Milroy’s Disease – Definition
Milroy’s Disease is a condition that affects the normal function of the lymphatic system. The lymphatic system produces and transports fluids and immune cells throughout the body. Impaired transport with an accumulation of lymph fluid can cause swelling (lymphedema). Individuals with Milroy disease typically have lymphedema in their lower legs and feet at birth or develop it in infancy. The lymphedema typically occurs on both sides of the body and may worsen over time.
Milroy disease is associated with other features in addition to lymphedema. Males with Milroy disease are sometimes born with an accumulation of fluid in the scrotum (hydrocele). Males and females may have up slanting toenails, deep creases in the toes, wart-like growths (papillomas), and prominent leg veins. Some individuals develop non-contagious skin infections called cellulitis that can damage the thin tubes that carry lymph fluid (lymphatic vessels). Episodes of cellulitis can cause further swelling in the lower limbs.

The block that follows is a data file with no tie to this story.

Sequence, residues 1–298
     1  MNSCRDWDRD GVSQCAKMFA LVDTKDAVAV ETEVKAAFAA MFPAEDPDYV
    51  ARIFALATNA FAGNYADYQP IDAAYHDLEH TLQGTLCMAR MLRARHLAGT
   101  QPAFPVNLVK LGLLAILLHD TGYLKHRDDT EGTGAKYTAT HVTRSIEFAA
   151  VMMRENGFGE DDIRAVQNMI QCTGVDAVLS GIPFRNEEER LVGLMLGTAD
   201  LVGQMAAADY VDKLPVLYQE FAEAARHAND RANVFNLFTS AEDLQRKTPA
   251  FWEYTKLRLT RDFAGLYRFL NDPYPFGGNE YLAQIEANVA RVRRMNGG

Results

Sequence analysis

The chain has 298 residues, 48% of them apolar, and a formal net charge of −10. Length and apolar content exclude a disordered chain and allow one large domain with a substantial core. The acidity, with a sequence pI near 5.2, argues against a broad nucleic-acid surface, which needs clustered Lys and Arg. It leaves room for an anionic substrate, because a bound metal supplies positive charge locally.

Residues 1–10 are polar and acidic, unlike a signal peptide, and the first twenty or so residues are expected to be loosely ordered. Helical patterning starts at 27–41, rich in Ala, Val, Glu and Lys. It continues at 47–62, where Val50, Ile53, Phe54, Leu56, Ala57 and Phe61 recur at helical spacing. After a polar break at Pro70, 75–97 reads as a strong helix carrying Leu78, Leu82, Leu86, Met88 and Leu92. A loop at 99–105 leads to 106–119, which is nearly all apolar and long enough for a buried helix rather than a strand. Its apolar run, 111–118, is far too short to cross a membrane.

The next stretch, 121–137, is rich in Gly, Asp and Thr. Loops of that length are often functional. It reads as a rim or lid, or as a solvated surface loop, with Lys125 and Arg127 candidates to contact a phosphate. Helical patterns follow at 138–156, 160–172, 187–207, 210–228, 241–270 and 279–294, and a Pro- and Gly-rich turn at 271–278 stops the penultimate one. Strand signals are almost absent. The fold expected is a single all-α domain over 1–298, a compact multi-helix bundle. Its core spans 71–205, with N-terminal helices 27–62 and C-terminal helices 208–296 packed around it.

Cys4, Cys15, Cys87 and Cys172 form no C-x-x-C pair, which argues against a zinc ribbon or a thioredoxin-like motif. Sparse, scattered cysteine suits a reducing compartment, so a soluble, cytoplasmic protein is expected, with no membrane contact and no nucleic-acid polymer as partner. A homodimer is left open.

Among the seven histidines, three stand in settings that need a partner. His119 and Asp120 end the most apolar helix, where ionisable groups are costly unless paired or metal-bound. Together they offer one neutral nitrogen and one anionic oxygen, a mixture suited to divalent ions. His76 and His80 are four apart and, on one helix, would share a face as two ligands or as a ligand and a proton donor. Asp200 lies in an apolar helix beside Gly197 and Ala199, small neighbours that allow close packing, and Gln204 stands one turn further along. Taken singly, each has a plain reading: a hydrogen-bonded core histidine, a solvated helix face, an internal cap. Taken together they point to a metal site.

How is Milroy’s Disease inherited?
Milroy disease is inherited in an autosomal dominant manner. This means that having one changed (mutated) copy of the responsible gene in each cell is enough to cause symptoms of the condition. When a person with an autosomal dominant condition has children, each child has a 50% (1 in 2) chance to inherit the mutated copy of the gene.